Howard adjunct faculty ready to strike over unfair pay practices

Several hundred instructors plan to walk out next week if their demands aren’t met by administrators.
By: | March 17, 2022
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Adjunct faculty members at Howard University have threatened to launch an unfair labor practice strike next Wednesday over what they say are lack of competitive wages and the struggle to get enough courses to teach to qualify for health insurance at the institution.

Around 500 faculty and students rallied on campus Wednesday in support of non-tenured professors, who teach some 2,000 classes at the university annually. The Howard Teaching Faculty Union, which is represented by Local SIEU 500, has issued a number of demands it wants the university to meet, though it said it has been stalemated in negotiations for the past three years.

“University leadership has made clear that a better working environment and a better learning environment is unimportant to them,” Cyrus Hampton, a master instructor in the College of Arts & Sciences said during the demonstration. “They have gone silent. We have been left with little choice. These have been individual fights for far too long. And we have not seen the movement any of us need. So now we all need to come together and get the movement that we require.”

Union leaders and adjunct faculty had been hoping for a resolution through a meeting on Friday, but it appears that won’t take place. In his speech on campus, Hampton indicated that there would be a walkout Wednesday, Thursday and Friday next week, hoping for support from full-time faculty too that they say also are not being fairly compensated. “[We are] calling on our tenured and tenure-track colleagues to stand with us and honor our picket lines during the strike,” he said. “We’re calling on our students, alums and the community to support us in our efforts. We seek to stand with you in solidarity.”

This protest is the second major one to occur at Howard during the academic year, following student-led demands for better housing conditions in October. A sit-in lasted more than a month before the two sides reached an agreement. On this issue, the university said it has made attempts to find common ground and will continue to try to find solutions that work for both parties.

“Throughout our negotiations with the union representing adjunct and temporary faculty (SEIU), we have remained diligent in our engagements with Union representation and consistent in our efforts to reach an agreement,” Howard officials said in a statement. “Our commitment to a peaceful bargaining process has not changed and we will continue advancing good faith efforts to reach an agreement with the Union and address the needs of adjunct and non-tenure-track faculty and the University.”

However, the union said in a fact sheet obtained by University Business that Howard faculty are “among the lowest-paid compared to four-year institutions in D.C. and “paid less than non-tenure-track faculty to teach a course while students pay the same tuition, get the same credits and the expectation of excellent teaching is the same.”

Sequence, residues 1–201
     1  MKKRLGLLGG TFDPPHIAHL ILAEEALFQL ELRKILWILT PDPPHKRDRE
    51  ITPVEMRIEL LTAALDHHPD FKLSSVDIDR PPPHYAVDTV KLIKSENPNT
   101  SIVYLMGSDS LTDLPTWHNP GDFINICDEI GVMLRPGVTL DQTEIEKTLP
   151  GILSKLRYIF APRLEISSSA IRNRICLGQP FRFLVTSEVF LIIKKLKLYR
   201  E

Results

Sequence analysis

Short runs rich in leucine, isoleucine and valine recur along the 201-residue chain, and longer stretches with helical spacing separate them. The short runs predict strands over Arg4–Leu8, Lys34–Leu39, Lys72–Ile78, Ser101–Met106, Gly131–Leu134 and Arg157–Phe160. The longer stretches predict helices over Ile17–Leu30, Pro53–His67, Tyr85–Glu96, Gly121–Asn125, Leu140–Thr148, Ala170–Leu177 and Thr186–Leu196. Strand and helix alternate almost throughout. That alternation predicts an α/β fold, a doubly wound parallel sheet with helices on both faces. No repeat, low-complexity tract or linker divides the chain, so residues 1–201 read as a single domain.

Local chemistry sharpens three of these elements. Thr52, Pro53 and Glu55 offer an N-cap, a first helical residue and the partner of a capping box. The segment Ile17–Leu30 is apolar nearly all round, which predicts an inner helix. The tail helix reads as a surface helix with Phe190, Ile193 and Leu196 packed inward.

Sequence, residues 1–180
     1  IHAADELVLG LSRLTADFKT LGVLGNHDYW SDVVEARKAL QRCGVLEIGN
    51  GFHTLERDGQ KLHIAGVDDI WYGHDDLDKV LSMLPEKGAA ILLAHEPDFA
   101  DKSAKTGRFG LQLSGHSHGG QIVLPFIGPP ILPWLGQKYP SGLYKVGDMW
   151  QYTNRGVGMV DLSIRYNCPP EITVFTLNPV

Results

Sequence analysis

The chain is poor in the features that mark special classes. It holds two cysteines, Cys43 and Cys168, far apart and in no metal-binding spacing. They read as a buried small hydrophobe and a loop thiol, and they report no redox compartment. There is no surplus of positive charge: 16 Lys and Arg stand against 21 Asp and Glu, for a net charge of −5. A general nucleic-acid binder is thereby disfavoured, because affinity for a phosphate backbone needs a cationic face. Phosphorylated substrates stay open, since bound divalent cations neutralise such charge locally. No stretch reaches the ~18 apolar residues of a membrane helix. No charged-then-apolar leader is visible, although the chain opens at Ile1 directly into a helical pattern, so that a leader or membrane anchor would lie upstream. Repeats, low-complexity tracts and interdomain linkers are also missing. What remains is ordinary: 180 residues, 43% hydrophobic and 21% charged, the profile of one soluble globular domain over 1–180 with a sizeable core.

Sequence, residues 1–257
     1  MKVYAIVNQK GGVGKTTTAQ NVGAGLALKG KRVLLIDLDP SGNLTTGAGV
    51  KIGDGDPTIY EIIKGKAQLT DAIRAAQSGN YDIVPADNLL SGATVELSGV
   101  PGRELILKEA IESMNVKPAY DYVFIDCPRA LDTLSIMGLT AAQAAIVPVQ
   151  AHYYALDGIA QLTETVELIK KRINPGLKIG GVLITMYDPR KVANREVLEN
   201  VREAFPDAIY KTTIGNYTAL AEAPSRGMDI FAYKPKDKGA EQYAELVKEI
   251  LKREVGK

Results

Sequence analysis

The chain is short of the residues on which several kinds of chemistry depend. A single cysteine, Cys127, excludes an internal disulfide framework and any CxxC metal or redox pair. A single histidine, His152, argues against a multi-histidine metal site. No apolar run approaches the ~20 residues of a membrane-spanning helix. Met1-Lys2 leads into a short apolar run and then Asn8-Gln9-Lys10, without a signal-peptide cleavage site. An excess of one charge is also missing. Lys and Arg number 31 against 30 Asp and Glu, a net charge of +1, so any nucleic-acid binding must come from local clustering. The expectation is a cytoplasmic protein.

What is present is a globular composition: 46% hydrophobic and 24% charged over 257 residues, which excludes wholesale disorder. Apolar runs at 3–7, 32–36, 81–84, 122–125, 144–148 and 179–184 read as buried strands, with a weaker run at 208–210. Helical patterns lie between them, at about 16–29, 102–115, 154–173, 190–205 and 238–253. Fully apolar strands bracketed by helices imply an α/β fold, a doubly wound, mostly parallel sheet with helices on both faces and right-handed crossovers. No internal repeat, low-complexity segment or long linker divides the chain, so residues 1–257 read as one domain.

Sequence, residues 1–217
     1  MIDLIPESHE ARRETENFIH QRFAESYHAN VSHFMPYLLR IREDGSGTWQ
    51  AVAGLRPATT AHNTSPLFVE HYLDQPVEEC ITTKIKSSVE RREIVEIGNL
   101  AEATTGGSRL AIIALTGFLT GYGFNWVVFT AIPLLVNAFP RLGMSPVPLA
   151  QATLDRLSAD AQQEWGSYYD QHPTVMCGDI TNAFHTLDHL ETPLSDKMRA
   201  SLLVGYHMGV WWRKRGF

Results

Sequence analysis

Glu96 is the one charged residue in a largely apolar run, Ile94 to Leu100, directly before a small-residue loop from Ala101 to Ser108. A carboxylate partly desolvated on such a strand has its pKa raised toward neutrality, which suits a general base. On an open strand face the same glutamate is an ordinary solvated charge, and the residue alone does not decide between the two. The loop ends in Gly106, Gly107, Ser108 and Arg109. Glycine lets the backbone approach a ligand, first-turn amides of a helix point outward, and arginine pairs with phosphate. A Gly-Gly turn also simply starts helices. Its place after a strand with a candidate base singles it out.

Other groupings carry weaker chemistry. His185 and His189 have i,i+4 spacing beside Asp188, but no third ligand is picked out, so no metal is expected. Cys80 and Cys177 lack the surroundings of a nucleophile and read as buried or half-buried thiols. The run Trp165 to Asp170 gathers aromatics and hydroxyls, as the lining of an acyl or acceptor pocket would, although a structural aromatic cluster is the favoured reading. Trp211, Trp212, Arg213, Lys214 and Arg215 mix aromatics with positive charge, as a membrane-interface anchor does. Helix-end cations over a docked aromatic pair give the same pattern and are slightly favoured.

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In addition, because they are on one-year appointments that are capped at seven years, the union said they can be “arbitrarily fired at the end of seven-year of teaching, no matter how effective their teaching.” The union also said many of its lecturers – both full- and part-time – are working second, third and fourth jobs because of the high cost of living in the area and deserve increases.

In response, the university said it has taken several steps to better compensate its employees, including boosts in pay for non-union faculty. It said it has proposed wage increases for union faculty, too.

“In January 2022, over 600 Howard faculty received raises to meet the median salary of faculty at our peer institutions,” officials said. “While this did not impact union faculty because of the union’s exclusive right to negotiate compensation for its members, eligible non-union faculty did receive salary increases, as well as eligible full-time non-tenured faculty.”

Howard also said it shifted $80 million from its endowment to help fund its retirement plan for faculty, and gave free health coverage to staff earning less $35,000 per year while noting that it did not have to force “group layoffs and furloughs” during the pandemic. It also noted its continued work to provide employees with professional development training.

“As with all institutions of higher learning, at Howard, we navigate a complex set of priorities each year in order to fulfill our mission of serving students,” university officials said. “Our faculty have a longstanding dedication to developing the next generation of leaders and we value their work. We have continued to make progress in ensuring our esteemed faculty have adequate support and resources while maintaining the highest quality of education possible for our students.”

But union members say that isn’t enough, citing that the pay for the location and a lack of raises over the past five years ranks it last among Historically Black Colleges and Universities. They say in the fact sheet that “We love Howard. Our demands are about making Howard better. We are simply asking the university administration to make Howard’s policies toward teaching faculty consistent with Howard’s legacy and mission in the Black community.”